For the first time in Nebraska women’s basketball history, every player that saw time made a three-pointer. The Huskers accomplished this while shooting 41% from deep as they cruised past Omaha 100-36.
Junior guard Trinity Brady got the start in place of injured senior guard Sam Haiby in the opener. Many had speculated that spot would go to sophomore guard Maddie Krull, a South Dakota-transfer. However, head coach Amy Williams stated that could be subject to change.
“We're not squared away with anything yet,” Williams said postgame. “We are still kind of figuring everything out, and we're just gonna kind of keep working on rotations and continue to figure that out.”
Junior forward Isabelle Bourne started the scoring for the Huskers with a layup a minute into the game. Nebraska made it a point of emphasis to get the ball into the post early, as the first six points of the game came in the paint.
After that, Nebraska began slinging it from deep. Junior guard Jaz Shelley hit the first three-pointer of the game for the Huskers at the top of the key. That would be the only three-pointer of the day for last year’s scoring leader as she struggled a bit from distance, shooting 1-for-6. Fortunately, her teammates continued what she started. Two possessions later, Bourne hit a three, giving the Huskers a 12-0 lead going into the first timeout.
Bourne scored eleven points in the first quarter, driving into the lane on back-to-back possessions for layups after the timeout, flashing her agility in the lane. Nebraska hit two other three-pointers in the quarter — one came from sophomore center Alexis Markowski and the other from sophomore forward Kendall Coley. Coupled with Weidner’s eight first-quarter points, all of which came in the paint, Nebraska led 28-11 after the first.
“To be able to get out and run and set the pace early in the game, that was really important for us,” Bourne said postgame.
Nebraska continued to play an inside-out game in the second quarter, as it outscored Omaha 26-4 in the paint during the first half. Although Shelley only had 5 points in the first half, she made her impact on the defensive end. Shelley nabbed four steals in the first half along with a block, displaying her two-way ability, to help give Nebraska a 44-17 lead at halftime. The Huskers ended the half on an 11-0 run.
The Huskers took their play to another level in the third quarter, as they outscored the Mavericks 33-9 during the period. The 33-point effort in the ten-minute frame was the most ever for Nebraska in a third quarter. This was largely thanks to Shelley’s passing ability, as she racked up six assists in that period alone, setting up multiple teammates for easy looks in the paint and from deep. She finished with ten assists on the day.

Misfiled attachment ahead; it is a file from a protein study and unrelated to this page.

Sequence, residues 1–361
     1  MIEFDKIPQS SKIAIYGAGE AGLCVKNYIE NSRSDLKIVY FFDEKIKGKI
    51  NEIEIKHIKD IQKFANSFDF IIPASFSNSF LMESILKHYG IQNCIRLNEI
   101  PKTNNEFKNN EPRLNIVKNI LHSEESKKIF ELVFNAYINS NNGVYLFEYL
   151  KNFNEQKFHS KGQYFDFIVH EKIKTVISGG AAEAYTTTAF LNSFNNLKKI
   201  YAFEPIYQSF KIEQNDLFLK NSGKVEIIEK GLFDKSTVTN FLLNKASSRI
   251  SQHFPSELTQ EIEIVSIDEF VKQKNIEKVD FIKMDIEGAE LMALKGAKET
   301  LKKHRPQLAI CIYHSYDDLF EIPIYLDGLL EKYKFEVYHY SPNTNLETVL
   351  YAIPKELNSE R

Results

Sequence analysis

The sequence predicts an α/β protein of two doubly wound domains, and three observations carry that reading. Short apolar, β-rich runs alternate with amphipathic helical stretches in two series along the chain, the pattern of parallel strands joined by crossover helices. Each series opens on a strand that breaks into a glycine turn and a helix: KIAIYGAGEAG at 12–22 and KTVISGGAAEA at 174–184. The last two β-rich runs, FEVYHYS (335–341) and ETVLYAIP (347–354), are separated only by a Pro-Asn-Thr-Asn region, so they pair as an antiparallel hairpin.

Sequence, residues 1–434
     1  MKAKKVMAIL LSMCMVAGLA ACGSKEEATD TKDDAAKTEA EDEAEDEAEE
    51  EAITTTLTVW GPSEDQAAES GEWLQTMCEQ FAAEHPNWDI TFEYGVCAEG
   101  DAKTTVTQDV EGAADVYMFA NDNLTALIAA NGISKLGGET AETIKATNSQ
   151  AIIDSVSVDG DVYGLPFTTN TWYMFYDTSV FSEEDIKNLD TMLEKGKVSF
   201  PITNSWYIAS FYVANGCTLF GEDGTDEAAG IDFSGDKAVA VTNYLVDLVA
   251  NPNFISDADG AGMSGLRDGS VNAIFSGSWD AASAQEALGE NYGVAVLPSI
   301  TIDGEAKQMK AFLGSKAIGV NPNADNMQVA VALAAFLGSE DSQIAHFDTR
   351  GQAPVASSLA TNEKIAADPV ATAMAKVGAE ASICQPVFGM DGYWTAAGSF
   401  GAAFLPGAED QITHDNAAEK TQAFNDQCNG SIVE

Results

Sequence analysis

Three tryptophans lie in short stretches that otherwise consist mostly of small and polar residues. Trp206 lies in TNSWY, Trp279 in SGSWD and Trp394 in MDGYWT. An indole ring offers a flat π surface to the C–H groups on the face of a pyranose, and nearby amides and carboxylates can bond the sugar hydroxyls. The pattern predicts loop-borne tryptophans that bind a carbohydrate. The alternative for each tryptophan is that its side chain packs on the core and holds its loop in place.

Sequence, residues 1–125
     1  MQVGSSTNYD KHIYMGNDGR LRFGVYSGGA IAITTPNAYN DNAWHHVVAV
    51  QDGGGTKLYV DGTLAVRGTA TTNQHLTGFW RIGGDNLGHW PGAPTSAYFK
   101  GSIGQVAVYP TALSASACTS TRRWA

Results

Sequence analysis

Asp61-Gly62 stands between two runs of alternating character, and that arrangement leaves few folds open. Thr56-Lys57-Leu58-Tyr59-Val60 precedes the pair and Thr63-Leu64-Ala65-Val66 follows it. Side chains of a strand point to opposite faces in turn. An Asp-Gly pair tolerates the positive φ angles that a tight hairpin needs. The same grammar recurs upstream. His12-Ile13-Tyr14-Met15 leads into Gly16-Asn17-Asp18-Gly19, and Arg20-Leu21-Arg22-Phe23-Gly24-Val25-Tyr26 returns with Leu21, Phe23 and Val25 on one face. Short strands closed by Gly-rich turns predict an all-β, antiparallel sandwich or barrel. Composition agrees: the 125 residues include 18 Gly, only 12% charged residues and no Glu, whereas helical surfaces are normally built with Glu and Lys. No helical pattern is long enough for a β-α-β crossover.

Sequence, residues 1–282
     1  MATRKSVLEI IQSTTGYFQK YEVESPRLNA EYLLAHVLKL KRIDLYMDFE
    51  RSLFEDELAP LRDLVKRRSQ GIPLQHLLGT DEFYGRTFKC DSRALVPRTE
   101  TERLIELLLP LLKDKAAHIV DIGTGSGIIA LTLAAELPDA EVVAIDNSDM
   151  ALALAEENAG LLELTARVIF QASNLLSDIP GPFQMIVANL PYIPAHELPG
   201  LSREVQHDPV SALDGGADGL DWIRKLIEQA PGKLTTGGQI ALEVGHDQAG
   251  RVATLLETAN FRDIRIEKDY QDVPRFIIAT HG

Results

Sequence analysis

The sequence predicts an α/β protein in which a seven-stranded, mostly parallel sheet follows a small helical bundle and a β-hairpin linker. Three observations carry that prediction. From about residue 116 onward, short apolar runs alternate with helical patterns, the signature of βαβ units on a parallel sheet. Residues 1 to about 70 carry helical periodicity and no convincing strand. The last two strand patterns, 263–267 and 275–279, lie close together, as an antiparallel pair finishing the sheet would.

“This game is fun to play with her (Shelley),” Bourne said postgame. “And the cool thing is that she will come into a game and say ‘I’m going to distribute the ball,’ then the next game she'll come in and score 20 easily, like that's the kind of awesome player she is.”
Bourne and Weidner continued their strong performances in the second half, ending the game as the top two scorers with 21 and 19 points, respectively. However, the fourth quarter was all Maddie Krull. She scored nine points in the fourth quarter to end the afternoon with 18 points, shooting 4-for-6 from deep and 7-for-9 from the field. That included hitting the final three-pointer for the Huskers to get them to the century mark.
“I just knew that I was open,” Krull said postgame. “When I looked at the scoreboard and saw it was 100, I thought, that's pretty cool.”
Nebraska outrebounded Omaha 49-29. Bourne tied for the team lead with nine boards, Markowski paired eight with her 13 points, and sophomore forward Annika Stewart added seven rebounds to her 10 points, emerging as a fifth double-digit scorer. One potentially overlooked stat line was Weidner, at 5-foot-10, grabbing nine rebounds, three of which were on the offensive end.
Williams said postgame that Nebraska needs to be a versatile team that can play whatever kind of basketball they need to. That may include players assuming roles traditionally unexpected of their position.
“The best teams that I've ever coached are the ones that if you need to grind out a 51 to 50 win, they can do that, or if it is a high flying and fast-paced inside and outside game and hitting threes, they can do that also,” Williams said. “And that's what our goal would be is to continue to have that versatility to be able to do whatever we have to do to win whatever the game calls for.”
The Huskers will be back in action in Pinnacle Bank Arena on Friday at 8 p.m. against Houston Baptist.